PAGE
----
1 cup buttermilk
1 tbs granulated yeast
1 1/2 tbs sugar
6 1/2 cups bread flour (I do half white and half whole wheat)

In the bowl of an stand mixer (or a large bowl, about 6 qt capacity), mix together the water, buttermilk, yeast, a pinch of salt and sugar. Add the flour and mix using the paddle attachment (or mix by hand with a wooden spoon). Do not knead the dough.

Lightly cover the bowl and let it rest at room temperature for 2 hours, or until the dough doubles in size, then collapses.

At this point, the dough can be used immediately, or it can be stored in the refrigerator in a covered container and used within 5 days. The dough can also be stored in the freezer for up to 3 weeks.

When you are ready to bake, cut off your desired amount from the dough. I shaped the dough into 3 oz rolls, and set them onto a parchment lined baking sheet. Lightly cover with a kitchen towel or plastic wrap and let it rest for 90 minutes.

Preheat the oven to 350 degrees F. Place the rack in the center of the oven with the baking stone, if using. Lightly brush the top of the rolls with melted butter. Bake for about 30 minutes, or until the rolls are golden brown.

Waffle Iron Hash Browns

There’s nothing quite like waking up on a beautiful, sunshine-filled Sunday morning with a debilitating migraine.

True story.

I only just started to feel human again about an hour ago, thanks to two doses of Alleve, one Excedrin Migraine pill, two strong cups of coffee, one hot shower, and a whole lotta hanging on the edge of the bed, praying to the Gods not to throw up.

Nice visual, I know….

The last time I had a headache this bad was last August, when J and I were in New York. That one, fortunately, dissipated after a few hours, but today’s version just doesn’t want to give up. The nausea, thankfully, has passed, which means I better get my act together and think about making the accompaniments to dinner – J is grilling a leg of lamb, and I’m going to make this winter greens gratin, and potatoes in some format.

Which, of course, brings me to this recipe. I was inspired by Food and Wine’s video of their Assistant Recipe Tester, Justin Chapple, demonstrating how to make these. What a clever idea, really – I wish I had thought of it and tried them sooner. The posse and J loved them, and the only recommendation I can offer is to squeeze the excess liquid from the potatoes before mixing them with the butter and seasoning.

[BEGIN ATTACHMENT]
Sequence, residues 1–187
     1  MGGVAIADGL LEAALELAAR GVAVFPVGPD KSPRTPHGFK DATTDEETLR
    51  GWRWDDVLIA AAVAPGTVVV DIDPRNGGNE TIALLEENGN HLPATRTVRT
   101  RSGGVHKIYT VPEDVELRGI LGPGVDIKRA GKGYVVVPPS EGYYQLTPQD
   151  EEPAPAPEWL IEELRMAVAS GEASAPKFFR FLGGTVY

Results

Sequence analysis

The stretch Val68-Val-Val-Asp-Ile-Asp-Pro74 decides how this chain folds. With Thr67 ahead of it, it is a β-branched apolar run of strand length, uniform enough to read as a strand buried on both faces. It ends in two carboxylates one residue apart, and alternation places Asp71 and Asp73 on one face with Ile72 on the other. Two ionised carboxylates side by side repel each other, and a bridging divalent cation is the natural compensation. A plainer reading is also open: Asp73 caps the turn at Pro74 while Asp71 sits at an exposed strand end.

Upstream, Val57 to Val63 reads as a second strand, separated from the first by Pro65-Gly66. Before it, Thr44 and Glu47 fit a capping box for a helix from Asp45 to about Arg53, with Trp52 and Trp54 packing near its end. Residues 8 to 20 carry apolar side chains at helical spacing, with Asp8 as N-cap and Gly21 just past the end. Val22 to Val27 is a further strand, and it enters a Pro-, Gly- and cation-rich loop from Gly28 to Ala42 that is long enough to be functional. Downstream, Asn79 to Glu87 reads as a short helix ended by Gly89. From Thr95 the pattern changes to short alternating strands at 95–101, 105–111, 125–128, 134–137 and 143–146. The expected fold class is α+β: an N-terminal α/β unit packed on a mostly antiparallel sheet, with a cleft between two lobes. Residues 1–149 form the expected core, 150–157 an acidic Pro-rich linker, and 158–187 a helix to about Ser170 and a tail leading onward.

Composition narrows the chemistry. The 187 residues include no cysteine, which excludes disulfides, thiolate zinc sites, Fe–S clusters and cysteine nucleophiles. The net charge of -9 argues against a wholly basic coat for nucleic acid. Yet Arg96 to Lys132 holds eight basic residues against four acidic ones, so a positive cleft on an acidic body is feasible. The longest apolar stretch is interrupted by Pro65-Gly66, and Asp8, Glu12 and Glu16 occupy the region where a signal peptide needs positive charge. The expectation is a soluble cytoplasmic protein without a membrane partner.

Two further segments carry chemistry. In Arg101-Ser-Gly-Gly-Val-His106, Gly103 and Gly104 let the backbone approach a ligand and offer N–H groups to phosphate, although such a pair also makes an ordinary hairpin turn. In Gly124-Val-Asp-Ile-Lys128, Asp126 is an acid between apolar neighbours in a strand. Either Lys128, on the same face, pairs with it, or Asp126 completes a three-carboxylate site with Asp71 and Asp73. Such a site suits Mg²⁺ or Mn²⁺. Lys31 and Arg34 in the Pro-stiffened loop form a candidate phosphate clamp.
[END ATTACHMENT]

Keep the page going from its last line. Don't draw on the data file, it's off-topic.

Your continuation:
Now that I’ve ventured out of only-using-a-waffle-iron-for-waffles, the next recipe I want to try is for Waffle Iron Fried Cheese….

Waffle Iron Hash Browns – adapted (not really!) from Food and Wine

  • 2 russet (baking) potatoes, peeled and shredded
  • 1/2 tsp salt and black pepper
  • 2 tbs unsalted butter

Preheat waffle iron.

In a mixing bowl, combine shredded potato, salt, pepper and butter. Pile shredded potatoes into waffle iron, and close lid. Cook potatoes for 5 minutes, then begin checking them. They are ready when potatoes are golden brown and crispy around the edges; mine took about 4 to 5 minutes longer.

Dorie’s Apple Squares

Sometimes, it truly is the little things in life that make you happy.

For example, I spent the better part of Monday spring cleaning. I tore apart my closet and made room for almost all of my warm-weather clothes that have been packed away for the winter. Kinda like coming out of hibernation, I suppose.

The clothes, not me…

However, in more exciting news, I have a new oven to try out today! Can I get a “hoooo-rah”? The owners of the rental home we are in decided that since they had to replace the dishwasher (which conked out 2 weeks ago on its own), they decided to also replace the old, outdated range as well. The old oven and I were not on the best of terms – I couldn’t understand it, as the broiler element was on the bottom. Nothing cooked evenly, and I really had a hard time adjusting to it.

But not anymore! I can’t wait to try out the new one today – I have a few errands to run and then if you need me, I’ll be in the kitchen :)


Dorie’s Apple Squares – adapted from Dorie Greenspan

  • medium apples (juicy, sweet)
  • 1/2cup flour
  • 1 tsp baking powder
  • eggs
  • 1/3 cup granulated sugar
  • 2 tsp vanilla extract
  • 6 tbs. whole milk
  • 2 tbs. unsalted butter, melted and cooled (but still liquid)
  • Confectioners’ sugar (optional)

Heat the oven to 400° F. Butter an 8-inch square baking pan and line the bottom with parchment paper.

Peel the apples. If you have a mandoline, slice the apples thinly, turning when you reach the core. (The slices should be thin but not transparent.) If you don’t have a mandoline, simply core and slice as thinly as you manage. In a bowl, whisk together the flour and baking powder.

In a large bowl, whisk together the eggs and sugar for a couple of minutes, or until the sugar dissolves and the eggs become pale. Whisk in the vanilla, then the milk and the melted butter. Add the flour and whisk until smooth. With a spatula, gently fold in the apples until each slice is coated. Scrape the batter into the pan and roughly even out the top.

Bake the cake for 40 to 50 minutes or until golden and uniformly puffed. A skewer in the middle will come out clean. Transfer to a rack to cool, then slice and dust with the optional confectioners’ sugar.